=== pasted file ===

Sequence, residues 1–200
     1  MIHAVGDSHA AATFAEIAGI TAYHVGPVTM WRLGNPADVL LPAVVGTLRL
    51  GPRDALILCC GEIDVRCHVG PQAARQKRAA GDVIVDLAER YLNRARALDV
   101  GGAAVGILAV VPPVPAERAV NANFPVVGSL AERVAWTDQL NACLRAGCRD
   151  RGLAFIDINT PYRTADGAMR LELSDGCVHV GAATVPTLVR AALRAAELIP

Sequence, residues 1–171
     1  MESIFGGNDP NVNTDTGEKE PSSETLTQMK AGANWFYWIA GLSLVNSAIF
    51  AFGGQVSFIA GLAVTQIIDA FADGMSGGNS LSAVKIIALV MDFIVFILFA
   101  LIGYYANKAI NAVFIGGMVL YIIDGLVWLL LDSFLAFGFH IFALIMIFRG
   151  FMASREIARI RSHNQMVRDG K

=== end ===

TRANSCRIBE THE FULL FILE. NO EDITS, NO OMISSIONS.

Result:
Sequence, residues 1–200
     1  MIHAVGDSHA AATFAEIAGI TAYHVGPVTM WRLGNPADVL LPAVVGTLRL
    51  GPRDALILCC GEIDVRCHVG PQAARQKRAA GDVIVDLAER YLNRARALDV
   101  GGAAVGILAV VPPVPAERAV NANFPVVGSL AERVAWTDQL NACLRAGCRD
   151  RGLAFIDINT PYRTADGAMR LELSDGCVHV GAATVPTLVR AALRAAELIP

Sequence, residues 1–171
     1  MESIFGGNDP NVNTDTGEKE PSSETLTQMK AGANWFYWIA GLSLVNSAIF
    51  AFGGQVSFIA GLAVTQIIDA FADGMSGGNS LSAVKIIALV MDFIVFILFA
   101  LIGYYANKAI NAVFIGGMVL YIIDGLVWLL LDSFLAFGFH IFALIMIFRG
   151  FMASREIARI RSHNQMVRDG K